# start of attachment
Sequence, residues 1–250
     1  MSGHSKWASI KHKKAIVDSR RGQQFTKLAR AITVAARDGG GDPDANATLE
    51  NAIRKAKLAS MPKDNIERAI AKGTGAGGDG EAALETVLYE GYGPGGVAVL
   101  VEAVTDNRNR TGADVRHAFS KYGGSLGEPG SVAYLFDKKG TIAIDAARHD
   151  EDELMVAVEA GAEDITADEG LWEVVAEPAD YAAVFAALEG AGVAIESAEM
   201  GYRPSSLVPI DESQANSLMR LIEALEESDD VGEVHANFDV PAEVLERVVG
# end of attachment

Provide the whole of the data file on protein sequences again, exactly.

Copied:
Sequence, residues 1–250
     1  MSGHSKWASI KHKKAIVDSR RGQQFTKLAR AITVAARDGG GDPDANATLE
    51  NAIRKAKLAS MPKDNIERAI AKGTGAGGDG EAALETVLYE GYGPGGVAVL
   101  VEAVTDNRNR TGADVRHAFS KYGGSLGEPG SVAYLFDKKG TIAIDAARHD
   151  EDELMVAVEA GAEDITADEG LWEVVAEPAD YAAVFAALEG AGVAIESAEM
   201  GYRPSSLVPI DESQANSLMR LIEALEESDD VGEVHANFDV PAEVLERVVG